Monologue Direction for Opera Singers part 2!

Monologue Direction for Opera Singers part 2!
Saturday musings - and happy Halloween!

This is a continuation of yesterday's blog...

As you begin to explore the repertoire of monologue/character/type relating to fach/authors/form etc - then you need to find an acting class and acting coach!

Personally, this portion of how we are trained is lacking from the beginning! Opera is theatre and even though voce leads, you MUST have some working knowledge of building a character and being on stage!

So, invest in your craft by finding an acting class that allows you to build on basic vocabulary, or renewed vocabulary, and then find an acting coach who works specifically with monologue work. This can make all the difference in the world to your understanding, your development and your presentation as a singing actor!

How do you find these coaches? Ask! Ask your teachers, ask your colleagues, check out acting schools and email for information about people who teach there who specialize in monologue work and check into private coaching. There are many great coaches who are working in this capacity and there is no excuse to not find them!

Monologue books are great resources and I will give you a few suggestions to get you started on this blog (Thanks Doug for your comment on yesterday's blog...!) but it is important to then read the full play as well. KNOW THE WORK you are excerpting. Just like understanding the context of the aria you are singing, so you should have the same knowledge for your monologue.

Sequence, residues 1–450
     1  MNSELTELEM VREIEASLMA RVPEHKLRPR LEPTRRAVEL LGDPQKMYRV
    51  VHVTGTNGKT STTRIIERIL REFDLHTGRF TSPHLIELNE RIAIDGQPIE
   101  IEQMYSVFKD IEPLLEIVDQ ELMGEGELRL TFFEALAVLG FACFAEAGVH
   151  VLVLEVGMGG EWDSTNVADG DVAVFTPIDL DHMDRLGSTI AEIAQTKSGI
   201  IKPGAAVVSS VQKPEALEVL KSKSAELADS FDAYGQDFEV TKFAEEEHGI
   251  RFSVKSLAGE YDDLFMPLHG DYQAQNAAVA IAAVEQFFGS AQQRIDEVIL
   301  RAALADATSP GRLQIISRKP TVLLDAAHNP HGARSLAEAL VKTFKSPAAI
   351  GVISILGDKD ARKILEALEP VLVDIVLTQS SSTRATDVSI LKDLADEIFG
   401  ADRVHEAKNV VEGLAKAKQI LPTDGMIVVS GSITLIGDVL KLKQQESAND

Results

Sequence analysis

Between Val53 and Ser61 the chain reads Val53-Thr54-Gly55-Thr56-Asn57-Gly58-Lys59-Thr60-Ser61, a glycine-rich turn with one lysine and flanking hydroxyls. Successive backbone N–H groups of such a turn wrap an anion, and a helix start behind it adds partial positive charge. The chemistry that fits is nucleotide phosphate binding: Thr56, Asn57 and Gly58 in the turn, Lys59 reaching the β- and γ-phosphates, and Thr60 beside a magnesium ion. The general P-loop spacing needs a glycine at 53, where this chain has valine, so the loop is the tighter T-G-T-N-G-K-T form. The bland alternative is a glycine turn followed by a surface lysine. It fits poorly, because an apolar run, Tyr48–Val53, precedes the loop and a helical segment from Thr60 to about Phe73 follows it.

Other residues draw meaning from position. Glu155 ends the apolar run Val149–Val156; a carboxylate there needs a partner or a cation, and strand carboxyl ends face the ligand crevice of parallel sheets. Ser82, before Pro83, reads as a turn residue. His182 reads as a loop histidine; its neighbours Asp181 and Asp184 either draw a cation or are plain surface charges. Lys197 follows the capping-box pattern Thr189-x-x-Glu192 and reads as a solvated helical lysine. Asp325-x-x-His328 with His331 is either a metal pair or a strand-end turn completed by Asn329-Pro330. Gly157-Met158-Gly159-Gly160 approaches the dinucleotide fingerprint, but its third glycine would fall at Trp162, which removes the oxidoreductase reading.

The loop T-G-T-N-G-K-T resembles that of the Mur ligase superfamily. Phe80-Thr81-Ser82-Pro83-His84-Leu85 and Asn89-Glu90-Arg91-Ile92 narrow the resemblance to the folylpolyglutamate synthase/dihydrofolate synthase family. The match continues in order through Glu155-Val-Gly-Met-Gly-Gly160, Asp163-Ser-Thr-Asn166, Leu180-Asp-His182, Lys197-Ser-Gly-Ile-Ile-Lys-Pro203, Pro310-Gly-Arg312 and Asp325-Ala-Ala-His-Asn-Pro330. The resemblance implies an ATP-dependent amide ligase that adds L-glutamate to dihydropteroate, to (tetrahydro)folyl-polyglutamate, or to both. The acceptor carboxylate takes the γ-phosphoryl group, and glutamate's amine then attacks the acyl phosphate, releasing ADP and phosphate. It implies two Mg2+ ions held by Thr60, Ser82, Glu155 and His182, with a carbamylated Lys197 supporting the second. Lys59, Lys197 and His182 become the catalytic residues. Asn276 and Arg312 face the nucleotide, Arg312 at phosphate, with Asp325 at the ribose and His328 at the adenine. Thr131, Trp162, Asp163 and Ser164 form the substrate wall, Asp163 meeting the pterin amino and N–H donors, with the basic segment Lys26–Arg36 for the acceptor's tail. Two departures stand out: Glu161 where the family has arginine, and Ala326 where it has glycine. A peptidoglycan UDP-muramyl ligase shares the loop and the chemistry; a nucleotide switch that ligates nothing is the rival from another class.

Acting with your speaking voice has physicality, melody, rhythm, subdivision, pulse and beat. We work with the musicality of language as actors and then take it deeper into dramatic beat, subtext, breath, resonance and tempo. We have to discover ALL of this to allow for a reality to emerge and make specific decisions to create this reality! The layers of discovery are exciting and tangible if we follow them carefully! Great coaches can help bring this to your consciousness and your physicality with triumph!

So, start digging through monologue books, plays, anthologies of authors, ask questions, explore and development this crucial part of being on stage!

Here are some suggestions of monologue books to get you started that can be filled with great ideas and information and this list is by no means exhaustive! As I said yesterday, Drama Book Shop in NYC is a great resource for material, but also for a staff that is knowledgeable and helpful - another great resource!!!

221 Monologues for Women (and one for Men) by John Capecci

Hope this is helpful...and just a few to get you started!!!

Don't eat too much chocolate tonight and enjoy your monologue exploration!

Susan Eichhorn Young covers all things voice—strong and sophisticated singing and speaking. 

If you liked this post, please share it or comment with your thoughts below!